The development of Leishmania (Viannia) panamensis in a natural sand fly host, Lutzomyia gomezi, was studied by light and transmission electron microscopy. New aspects of peripylarian parasite behavior and morphology in the sand fly gut, early blood-meal stages, and ultrastructural development in the anterior gut were documented.
Eight distinct morphological forms were observed in the life cycle of the parasite within the insect. In the bloodmeal, amastigotes (1) transformed into stumpy promastigotes (2) which rapidly multiplied, resulting in spatulate-shaped nectomonad promastigotes (3) and elongate nectomonad promastigotes (4). These latter forms migrated primarily into the hindgut, where both were observed attached (=haptomonad phase) to the cuticular intima by hemidesmosomes within extremely shortened flagella. Spatulate haptomonad promastigotes predominated, colonizing the entire length of the hindgut, with the greatest density at 2 disjunct sites: the pylorus/ileum and the anterior rectum/rectal sac. Paramastigotes and dividing flagellates were rare. Some parasites migrated directly to the cardia/stomodeal valve region without a hindgut phase; however, major movement anteriorly was from the hindgut beginning at 6 days postinfection. In the cardia lumen, dividing short Type A promastigotes (5) predominated, intermixed with short Type B promastigotes with longer flagella (6). Paramastigotes (7) were free-swimming in the lumen as well as attached to the stomodeal valve. The primary colonizers of the valve were pear-shaped haptomonad promastigotes (8), with flagella of variable lengths and multi-segmented hemidesmosomal attachment points to the intima.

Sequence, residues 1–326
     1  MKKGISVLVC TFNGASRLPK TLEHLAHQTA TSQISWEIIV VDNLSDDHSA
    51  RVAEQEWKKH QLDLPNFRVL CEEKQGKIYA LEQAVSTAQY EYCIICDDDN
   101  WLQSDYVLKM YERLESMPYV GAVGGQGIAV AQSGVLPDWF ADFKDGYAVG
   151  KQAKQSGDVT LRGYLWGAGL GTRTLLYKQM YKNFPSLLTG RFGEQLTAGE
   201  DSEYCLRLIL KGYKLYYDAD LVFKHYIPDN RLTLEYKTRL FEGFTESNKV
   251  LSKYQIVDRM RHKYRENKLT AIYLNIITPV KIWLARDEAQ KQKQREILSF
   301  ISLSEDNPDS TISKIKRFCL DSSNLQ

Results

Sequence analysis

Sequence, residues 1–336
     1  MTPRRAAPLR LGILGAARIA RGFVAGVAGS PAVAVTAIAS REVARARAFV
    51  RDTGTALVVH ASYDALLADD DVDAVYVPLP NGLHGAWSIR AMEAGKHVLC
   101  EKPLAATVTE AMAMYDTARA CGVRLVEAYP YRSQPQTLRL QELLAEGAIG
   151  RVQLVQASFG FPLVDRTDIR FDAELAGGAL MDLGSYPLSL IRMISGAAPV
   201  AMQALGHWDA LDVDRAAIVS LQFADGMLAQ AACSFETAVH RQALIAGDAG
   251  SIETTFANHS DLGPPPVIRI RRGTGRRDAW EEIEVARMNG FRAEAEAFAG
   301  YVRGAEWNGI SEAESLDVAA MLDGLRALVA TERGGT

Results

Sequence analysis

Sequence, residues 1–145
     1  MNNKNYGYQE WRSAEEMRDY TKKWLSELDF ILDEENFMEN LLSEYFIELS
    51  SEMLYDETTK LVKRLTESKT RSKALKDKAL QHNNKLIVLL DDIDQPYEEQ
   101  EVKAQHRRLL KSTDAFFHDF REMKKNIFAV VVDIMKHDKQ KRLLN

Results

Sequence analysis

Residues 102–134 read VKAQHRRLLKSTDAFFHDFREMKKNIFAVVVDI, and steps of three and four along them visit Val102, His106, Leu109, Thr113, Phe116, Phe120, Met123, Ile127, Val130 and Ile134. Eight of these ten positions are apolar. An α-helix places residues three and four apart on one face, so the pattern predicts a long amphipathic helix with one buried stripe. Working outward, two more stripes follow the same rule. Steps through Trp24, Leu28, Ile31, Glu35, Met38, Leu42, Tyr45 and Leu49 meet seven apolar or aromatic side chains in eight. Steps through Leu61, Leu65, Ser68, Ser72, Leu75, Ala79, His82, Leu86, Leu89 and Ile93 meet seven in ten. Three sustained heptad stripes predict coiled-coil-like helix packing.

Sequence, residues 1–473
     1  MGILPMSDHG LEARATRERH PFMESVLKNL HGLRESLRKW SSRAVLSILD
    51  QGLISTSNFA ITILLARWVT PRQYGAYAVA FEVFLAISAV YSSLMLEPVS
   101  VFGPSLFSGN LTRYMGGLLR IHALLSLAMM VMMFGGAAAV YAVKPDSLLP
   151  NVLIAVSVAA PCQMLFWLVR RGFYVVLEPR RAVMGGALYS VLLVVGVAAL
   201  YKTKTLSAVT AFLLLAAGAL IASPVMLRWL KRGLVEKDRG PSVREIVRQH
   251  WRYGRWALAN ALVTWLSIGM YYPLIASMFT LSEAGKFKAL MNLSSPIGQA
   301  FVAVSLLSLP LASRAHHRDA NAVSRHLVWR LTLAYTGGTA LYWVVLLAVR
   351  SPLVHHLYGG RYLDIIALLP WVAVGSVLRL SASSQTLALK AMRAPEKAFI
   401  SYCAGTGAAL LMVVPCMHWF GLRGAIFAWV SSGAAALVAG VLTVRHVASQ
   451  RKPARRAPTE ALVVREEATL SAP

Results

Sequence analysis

Promastigotes and paramastigotes colonized the esophagus-pharynx region and attached to the foregut lining by flagellar hemidesmosomes. Both forms may represent infective stages of L. (V.) panamensis; however, no parasites were detected in the cibarium or proboscis. L. (V.) panamensis appeared well-adapted to the gut of Lu. gomezi, multiplying extensively at 2 sites, changing morphological form, and adhering to host surfaces by variously modified flagellar hemidesmosomes.